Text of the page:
Like most nine-year-olds, Jamie Jones is an active, lively little boy who enjoys school and being with his friends. At the weekends he loves playing rugby with his teammates for Mountain Ash RFC.

But life has been far from plain sailing for this little boy. At the age of two Jamie developed a limp which caused him to fall over regularly. His leg was so painful at night that he couldn’t sleep. After many visits to the hospital, an X-ray revealed an abscess at the bottom of his tibia bone, which experts later thought was a a bone infection. After two operations and weeks of treatment, it seemed like he was on the road to recovery.

But in March 2016, Jamie started experiencing pain in his legs and knees again and was diagnosed with a tug lesion. Over the course of a year, Jamie struggled with his mobility increasingly until he was unable to walk up the stairs. He had also started to limp and fall again. This time, X Rays, MRIs, and bone scans confirmed inflammation of the sacroiliac joint. Jamie was also diagnosed with a rare and serious auto immune disease called chronic recurrent multifocal osteomyelitis (CRMO). It involves inflammation of one or more bones and can be chronic. In the year since diagnosis, Jamie has had many treatments, needs a lot of medication and has had lesions in his tibia, femur, pelvis, sacrum joint, ribs and hips.

But that isn’t all that this little boy has had to endure.

In 2019 Jamie sustained an eye injury that became swollen and failed to heal. Despite being put on various additional medications, Jamie’s eye worsened and he was eventually given a bone biopsy. On the 28th of January this year, the family were told that Jamie had a very rare type of cancer called langerhans’ cell histiocytosis (LCH). The condition can affect bones or organs and the symptoms can present in a number of ways, from skin rashes and lumps to a swollen tummy or breathing difficulties. About 50 children in the UK are diagnosed each year and it generally effects more boys than girls.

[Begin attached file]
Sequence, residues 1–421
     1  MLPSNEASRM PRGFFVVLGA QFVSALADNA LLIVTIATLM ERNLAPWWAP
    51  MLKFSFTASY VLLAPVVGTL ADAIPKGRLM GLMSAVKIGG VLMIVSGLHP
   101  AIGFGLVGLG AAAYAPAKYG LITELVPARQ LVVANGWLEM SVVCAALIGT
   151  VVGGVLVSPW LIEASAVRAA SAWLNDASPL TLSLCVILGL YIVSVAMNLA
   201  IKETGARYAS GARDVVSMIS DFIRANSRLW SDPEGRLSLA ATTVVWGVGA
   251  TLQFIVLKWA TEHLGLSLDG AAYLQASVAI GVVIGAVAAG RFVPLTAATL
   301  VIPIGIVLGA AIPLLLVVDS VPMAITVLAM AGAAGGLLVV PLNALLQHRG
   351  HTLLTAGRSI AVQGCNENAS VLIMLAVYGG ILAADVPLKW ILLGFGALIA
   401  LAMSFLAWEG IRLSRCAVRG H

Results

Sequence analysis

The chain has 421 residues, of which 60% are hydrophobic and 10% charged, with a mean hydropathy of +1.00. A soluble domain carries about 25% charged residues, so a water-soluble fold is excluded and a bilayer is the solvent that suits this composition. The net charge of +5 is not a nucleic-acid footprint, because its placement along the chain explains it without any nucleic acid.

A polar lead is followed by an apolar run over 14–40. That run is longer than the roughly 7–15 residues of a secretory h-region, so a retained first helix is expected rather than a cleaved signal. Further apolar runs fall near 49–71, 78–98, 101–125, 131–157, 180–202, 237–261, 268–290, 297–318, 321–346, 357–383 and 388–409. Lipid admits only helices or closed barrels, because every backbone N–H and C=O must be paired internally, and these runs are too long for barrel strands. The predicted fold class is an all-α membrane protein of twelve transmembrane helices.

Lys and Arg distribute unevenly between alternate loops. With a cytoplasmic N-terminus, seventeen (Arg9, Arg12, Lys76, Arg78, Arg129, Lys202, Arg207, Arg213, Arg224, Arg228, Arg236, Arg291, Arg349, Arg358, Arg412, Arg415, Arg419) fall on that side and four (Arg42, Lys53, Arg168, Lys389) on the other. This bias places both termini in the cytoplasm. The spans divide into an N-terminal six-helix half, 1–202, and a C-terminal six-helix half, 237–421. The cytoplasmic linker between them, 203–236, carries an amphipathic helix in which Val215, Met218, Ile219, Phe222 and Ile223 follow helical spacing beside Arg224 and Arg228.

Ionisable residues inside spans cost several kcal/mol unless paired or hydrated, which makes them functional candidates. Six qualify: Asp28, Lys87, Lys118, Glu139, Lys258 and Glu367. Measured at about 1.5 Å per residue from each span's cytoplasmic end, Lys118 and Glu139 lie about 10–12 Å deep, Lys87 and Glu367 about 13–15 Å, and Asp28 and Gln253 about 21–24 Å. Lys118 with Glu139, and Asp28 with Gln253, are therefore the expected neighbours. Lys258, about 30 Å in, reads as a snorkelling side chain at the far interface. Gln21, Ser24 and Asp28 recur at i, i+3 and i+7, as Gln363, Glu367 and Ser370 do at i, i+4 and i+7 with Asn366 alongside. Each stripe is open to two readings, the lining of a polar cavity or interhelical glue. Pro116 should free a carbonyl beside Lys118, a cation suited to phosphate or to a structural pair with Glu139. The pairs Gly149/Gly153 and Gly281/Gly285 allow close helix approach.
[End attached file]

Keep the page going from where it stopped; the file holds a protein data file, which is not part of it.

Jamie  was immediately fitted with a port and started a weekly course of chemotherapy and steroids. After seven long months, Jamie’s scans came back clear of cancer. He currently visits the children’s hospital every three weeks for a maintenance dose of chemotherapy.

Despite everything Jamie has been through in his short life, he is a ray of sunshine who loves going to school, being with friends and playing for his beloved Mountain Ash RFC. He’s also determined to help other children like him and has been busy making and selling bracelets to raise money for Noah’s Ark and taking part in our Happy Holiday Challenge. Jamie even donated £150 raised for him by the rugby club to the charity to help boost his total.

Jamie, you are a legend. Thank you.

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